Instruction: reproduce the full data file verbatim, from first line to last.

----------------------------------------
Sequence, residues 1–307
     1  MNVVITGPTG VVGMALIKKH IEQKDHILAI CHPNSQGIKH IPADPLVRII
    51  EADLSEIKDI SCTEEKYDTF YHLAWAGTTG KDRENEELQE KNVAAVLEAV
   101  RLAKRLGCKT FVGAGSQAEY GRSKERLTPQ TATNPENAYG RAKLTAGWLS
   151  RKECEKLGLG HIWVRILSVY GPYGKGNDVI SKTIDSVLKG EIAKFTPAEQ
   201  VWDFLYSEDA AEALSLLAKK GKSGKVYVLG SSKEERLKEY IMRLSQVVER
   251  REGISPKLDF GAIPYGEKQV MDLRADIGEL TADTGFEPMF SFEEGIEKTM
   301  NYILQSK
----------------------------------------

Sequence, residues 1–307
     1  MNVVITGPTG VVGMALIKKH IEQKDHILAI CHPNSQGIKH IPADPLVRII
    51  EADLSEIKDI SCTEEKYDTF YHLAWAGTTG KDRENEELQE KNVAAVLEAV
   101  RLAKRLGCKT FVGAGSQAEY GRSKERLTPQ TATNPENAYG RAKLTAGWLS
   151  RKECEKLGLG HIWVRILSVY GPYGKGNDVI SKTIDSVLKG EIAKFTPAEQ
   201  VWDFLYSEDA AEALSLLAKK GKSGKVYVLG SSKEERLKEY IMRLSQVVER
   251  REGISPKLDF GAIPYGEKQV MDLRADIGEL TADTGFEPMF SFEEGIEKTM
   301  NYILQSK